Published on September 29th, 2015 | by ddeupree
Retina stem cell transplant successful for initial patients
UCLA researchers report gains in vision in stem cell transplant study patients
Two legally blind patients received stem cell transplants of specialized retina cells, derived from human embryonic stem cells, to treat their long-term, vision-debilitating retinal diseases.
The patients, who had the stem cell retina transplant surgery in July, 2011, gained vision improvements resulting in several letters on an eye chart.
The stem cell transplant procedure involves retina eye surgery in which retinal pigment epithelial (RPE) cells are placed under the top-most layers of the retina, in the areas of disease-damaged RPE cells. These donor RPE cells are derived from embryonic stem cells.
The two patients in the clinical trials were given a relatively low dose of cells and subsequently received several weeks of immunosuppression therapy.
The two patients suffer from different forms of retina and macula disease. One has Stargardt’s disease — a genetic form of juvenile macular degeneration that causes progressive central vision loss, starting at a relatively young age. The other has dry, age-related macular degeneration — an aging change in the macula that can lead to severe central vision loss. Both of these conditions slowly destroy the retina’s important RPE cells — the underlying pigment cell layer in the retina that is responsible for nourishing retinal sensory cells.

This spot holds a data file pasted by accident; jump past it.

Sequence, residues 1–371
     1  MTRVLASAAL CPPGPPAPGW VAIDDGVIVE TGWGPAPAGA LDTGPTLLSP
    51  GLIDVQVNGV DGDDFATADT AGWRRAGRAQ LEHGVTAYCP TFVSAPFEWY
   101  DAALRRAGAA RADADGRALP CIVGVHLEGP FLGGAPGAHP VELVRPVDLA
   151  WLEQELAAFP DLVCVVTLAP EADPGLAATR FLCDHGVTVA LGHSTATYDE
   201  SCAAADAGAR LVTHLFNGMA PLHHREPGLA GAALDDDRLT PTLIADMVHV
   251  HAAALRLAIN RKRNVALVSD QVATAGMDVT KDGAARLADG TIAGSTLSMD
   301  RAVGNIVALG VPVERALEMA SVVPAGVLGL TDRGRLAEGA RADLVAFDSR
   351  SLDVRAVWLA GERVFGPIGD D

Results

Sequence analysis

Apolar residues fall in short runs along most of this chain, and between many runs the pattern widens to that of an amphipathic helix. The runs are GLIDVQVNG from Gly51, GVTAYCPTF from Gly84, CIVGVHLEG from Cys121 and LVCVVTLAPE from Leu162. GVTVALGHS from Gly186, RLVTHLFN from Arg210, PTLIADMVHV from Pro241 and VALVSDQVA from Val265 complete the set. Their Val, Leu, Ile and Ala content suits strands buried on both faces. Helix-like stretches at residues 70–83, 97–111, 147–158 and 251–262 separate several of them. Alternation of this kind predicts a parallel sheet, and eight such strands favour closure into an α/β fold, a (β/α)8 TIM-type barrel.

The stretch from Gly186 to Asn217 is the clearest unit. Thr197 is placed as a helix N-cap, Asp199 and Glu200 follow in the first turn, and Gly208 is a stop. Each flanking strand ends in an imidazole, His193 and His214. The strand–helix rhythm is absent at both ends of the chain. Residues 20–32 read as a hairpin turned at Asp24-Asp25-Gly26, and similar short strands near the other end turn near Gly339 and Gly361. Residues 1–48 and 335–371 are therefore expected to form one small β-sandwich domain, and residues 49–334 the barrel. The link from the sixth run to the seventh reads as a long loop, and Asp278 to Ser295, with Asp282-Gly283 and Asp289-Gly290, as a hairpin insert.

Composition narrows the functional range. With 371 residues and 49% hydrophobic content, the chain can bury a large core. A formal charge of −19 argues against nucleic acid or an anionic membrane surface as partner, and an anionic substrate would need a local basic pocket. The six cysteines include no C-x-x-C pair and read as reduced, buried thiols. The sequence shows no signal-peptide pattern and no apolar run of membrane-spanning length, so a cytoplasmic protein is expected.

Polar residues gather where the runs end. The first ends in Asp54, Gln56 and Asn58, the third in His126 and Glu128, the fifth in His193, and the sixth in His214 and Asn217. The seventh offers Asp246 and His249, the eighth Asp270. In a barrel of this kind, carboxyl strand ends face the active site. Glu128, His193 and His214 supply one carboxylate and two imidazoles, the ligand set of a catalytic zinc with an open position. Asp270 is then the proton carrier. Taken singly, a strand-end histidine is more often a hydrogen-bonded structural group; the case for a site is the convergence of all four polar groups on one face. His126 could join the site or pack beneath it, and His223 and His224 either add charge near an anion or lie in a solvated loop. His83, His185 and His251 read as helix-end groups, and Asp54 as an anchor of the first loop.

After four months of close monitoring, both patients’ retinas showed no signs of rejection or abnormal complications. Both patients enjoyed improvement in visual acuity, although not dramatic.
The Stargardt’s patient went from being unable to read an eye chart pre-operatively, to reading 5 letters on the eye chart post-operatively. The age-related macular degeneration patient improved from 21 to 28 letters on the eye chart.
The most promising element of these clinical trials is the fact that the RPE donor stem cells were not rejected by the body and continue to function as viable, functional cells.
These patients were early subjects in two separate clinical trials. In their next phase, these trials will enroll 12 more specific patients and we will look forward to more exciting outcomes as biomedical researchers develop these novel approaches to this frustrating, debilitating eye disease — macular degeneration.
As of the time of this post, The Macula Center and Dr. Deupree DO NOT perform stem cell transplant for any eye disease.